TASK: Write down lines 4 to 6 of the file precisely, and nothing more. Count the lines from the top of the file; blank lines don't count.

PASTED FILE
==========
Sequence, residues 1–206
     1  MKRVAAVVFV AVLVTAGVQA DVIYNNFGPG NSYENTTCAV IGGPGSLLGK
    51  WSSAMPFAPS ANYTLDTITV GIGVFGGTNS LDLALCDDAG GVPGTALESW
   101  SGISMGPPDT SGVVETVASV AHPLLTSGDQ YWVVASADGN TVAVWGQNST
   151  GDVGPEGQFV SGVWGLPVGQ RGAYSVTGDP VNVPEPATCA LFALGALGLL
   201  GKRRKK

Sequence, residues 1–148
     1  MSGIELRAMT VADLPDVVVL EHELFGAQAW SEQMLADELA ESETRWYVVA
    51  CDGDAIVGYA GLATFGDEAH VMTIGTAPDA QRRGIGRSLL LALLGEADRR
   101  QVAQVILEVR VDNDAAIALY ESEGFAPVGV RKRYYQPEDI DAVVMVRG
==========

   101  SGISMGPPDT SGVVETVASV AHPLLTSGDQ YWVVASADGN TVAVWGQNST
   151  GDVGPEGQFV SGVWGLPVGQ RGAYSVTGDP VNVPEPATCA LFALGALGLL
   201  GKRRKK